I HEARD bonuses are being paid out to soldiers after 16 years of service. This came as a surprise because during my husband’s 22 years with the Army he has never received a bonus.

When he joined, he was promised an extra pound a day as an incentive for signing up for full-time service. However, after only three years this rule changed and the money stopped. For the remainder of his career he did not receive anything in the way of extra payments.

To find out that some soldiers who joined after my husband are getting bonuses while we are left out is an injustice. I think the Army should do something about it. Name & address supplied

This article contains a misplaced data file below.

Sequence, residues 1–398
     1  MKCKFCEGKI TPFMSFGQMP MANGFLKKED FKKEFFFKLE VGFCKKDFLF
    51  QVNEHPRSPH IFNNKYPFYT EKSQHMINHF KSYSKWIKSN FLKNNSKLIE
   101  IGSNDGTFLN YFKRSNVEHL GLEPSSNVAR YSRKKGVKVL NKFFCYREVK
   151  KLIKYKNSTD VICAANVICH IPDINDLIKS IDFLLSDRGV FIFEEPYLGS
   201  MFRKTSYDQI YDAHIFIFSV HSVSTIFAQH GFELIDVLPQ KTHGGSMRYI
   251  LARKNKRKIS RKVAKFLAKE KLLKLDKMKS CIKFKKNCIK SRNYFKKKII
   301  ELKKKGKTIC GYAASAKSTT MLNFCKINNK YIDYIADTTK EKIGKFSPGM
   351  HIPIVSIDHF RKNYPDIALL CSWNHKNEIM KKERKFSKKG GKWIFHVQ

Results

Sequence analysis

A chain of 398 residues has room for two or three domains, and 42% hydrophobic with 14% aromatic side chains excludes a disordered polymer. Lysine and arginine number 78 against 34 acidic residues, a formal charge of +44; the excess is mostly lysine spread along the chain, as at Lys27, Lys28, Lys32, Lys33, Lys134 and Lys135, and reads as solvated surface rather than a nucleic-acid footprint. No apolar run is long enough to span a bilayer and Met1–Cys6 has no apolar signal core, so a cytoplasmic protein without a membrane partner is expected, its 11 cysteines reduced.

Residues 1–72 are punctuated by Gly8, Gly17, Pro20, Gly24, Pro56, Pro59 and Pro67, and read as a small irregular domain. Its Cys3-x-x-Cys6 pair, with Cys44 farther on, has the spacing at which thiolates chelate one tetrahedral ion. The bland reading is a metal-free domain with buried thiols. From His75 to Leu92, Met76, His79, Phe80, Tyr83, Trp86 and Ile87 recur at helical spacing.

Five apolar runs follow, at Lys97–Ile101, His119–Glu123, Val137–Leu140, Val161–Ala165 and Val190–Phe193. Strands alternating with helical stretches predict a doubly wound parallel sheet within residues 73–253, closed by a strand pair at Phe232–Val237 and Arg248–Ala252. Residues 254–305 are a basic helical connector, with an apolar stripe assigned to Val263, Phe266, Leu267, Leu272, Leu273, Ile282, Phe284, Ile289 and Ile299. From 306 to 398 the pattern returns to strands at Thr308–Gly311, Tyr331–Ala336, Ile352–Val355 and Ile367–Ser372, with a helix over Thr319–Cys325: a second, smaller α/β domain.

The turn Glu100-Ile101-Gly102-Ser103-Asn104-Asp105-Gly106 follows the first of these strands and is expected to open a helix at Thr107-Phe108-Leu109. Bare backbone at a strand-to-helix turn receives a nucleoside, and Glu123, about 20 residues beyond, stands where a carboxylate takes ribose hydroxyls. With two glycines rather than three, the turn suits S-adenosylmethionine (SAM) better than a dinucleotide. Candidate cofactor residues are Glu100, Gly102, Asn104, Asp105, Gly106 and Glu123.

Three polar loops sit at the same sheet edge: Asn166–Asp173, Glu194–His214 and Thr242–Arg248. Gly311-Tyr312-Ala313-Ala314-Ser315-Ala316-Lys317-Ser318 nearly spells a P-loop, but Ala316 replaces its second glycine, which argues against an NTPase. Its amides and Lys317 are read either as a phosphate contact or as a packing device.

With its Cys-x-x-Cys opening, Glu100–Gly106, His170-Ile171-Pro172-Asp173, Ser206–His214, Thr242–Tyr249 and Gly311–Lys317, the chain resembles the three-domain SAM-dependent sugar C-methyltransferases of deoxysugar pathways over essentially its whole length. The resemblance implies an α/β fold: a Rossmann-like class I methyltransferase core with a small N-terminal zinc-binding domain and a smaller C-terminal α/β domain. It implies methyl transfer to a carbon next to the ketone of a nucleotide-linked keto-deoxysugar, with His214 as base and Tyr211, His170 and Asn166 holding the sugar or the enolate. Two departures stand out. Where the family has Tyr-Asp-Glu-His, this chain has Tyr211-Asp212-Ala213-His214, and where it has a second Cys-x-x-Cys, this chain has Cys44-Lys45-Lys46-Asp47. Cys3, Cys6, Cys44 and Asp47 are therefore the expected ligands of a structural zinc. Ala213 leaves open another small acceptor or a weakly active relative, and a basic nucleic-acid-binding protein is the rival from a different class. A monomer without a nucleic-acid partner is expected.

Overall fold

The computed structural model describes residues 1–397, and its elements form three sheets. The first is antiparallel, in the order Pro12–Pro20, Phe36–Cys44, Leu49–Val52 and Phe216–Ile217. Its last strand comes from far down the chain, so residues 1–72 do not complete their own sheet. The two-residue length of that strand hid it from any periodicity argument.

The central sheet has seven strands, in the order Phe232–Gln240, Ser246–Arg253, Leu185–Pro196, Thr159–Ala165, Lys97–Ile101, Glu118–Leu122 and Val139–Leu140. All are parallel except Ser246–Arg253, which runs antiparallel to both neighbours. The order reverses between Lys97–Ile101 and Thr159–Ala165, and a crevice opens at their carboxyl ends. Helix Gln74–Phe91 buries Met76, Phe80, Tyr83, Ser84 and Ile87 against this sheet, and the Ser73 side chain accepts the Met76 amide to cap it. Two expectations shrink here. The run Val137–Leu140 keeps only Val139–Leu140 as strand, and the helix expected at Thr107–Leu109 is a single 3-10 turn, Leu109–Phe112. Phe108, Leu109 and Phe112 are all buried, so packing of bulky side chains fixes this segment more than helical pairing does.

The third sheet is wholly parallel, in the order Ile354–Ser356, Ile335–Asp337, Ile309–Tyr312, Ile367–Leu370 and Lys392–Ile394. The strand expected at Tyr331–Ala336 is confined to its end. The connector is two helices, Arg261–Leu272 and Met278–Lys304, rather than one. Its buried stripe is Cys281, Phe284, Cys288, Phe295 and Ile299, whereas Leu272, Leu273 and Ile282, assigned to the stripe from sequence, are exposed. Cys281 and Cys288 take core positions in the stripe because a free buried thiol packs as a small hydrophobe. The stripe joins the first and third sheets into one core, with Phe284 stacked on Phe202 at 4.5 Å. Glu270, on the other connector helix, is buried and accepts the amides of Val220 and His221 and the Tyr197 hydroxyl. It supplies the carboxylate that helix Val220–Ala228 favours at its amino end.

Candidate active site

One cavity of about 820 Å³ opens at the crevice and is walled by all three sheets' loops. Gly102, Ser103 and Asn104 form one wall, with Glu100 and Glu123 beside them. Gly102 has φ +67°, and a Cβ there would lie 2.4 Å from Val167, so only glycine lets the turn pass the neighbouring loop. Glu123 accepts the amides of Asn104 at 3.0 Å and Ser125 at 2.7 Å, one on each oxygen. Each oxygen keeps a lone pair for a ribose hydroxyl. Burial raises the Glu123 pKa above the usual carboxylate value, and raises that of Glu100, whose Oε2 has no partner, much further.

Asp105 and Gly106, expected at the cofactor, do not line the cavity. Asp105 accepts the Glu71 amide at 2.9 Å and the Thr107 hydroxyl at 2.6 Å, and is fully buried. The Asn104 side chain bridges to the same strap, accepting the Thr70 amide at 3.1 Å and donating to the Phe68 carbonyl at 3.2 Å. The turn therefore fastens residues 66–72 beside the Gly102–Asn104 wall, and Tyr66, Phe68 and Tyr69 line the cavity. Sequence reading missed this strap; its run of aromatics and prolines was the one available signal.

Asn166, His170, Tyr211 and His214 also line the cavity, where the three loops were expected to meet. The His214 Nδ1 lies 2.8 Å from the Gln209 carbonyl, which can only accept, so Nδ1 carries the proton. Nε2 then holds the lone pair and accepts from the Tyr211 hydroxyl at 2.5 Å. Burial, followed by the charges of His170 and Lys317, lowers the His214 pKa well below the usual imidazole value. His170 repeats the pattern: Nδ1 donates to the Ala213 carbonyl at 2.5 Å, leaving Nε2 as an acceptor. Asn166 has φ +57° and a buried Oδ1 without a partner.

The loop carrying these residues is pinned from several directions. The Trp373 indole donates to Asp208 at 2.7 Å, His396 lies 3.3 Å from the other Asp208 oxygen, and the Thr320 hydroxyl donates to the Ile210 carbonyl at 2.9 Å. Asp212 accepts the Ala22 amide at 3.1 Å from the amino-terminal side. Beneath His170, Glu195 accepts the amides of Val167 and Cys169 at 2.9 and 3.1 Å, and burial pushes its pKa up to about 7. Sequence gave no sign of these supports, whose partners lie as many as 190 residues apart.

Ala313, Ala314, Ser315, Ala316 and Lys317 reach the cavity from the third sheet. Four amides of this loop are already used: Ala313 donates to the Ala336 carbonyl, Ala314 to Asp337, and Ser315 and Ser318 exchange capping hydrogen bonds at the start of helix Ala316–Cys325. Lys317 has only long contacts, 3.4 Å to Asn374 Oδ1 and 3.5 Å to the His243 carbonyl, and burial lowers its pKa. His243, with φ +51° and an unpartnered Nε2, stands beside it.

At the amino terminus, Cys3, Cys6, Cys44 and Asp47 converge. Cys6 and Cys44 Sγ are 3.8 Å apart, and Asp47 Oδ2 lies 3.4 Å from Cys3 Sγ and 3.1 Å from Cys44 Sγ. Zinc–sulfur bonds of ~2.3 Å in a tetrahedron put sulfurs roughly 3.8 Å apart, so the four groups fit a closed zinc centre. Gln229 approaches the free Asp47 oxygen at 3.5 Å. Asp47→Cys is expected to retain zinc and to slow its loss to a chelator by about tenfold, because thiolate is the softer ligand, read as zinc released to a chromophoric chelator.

Reply from Col John Ridge, Army Pay Colonel: There are no current schemes which pay soldiers financial bonuses after 16 years’ service. 

Over the past years, there have been various Commitment Bonuses endorsed by the Armed Forces’ Pay Review Body. The eligibility for each is usually tied to the start date of reckonable service (usually enlistment date), and different schemes have been introduced in order to reflect specific recruitment and retention issues. 

The current scheme, for those who joined after 19 January 2011, gives personnel the option of taking payments at the 4, 5, 6 or 8-year point. Without the details of your husband’s date of entry, it’s not possible to state which, if any, he may have been entitled to. Your best point of contact would be his unit admin officer.

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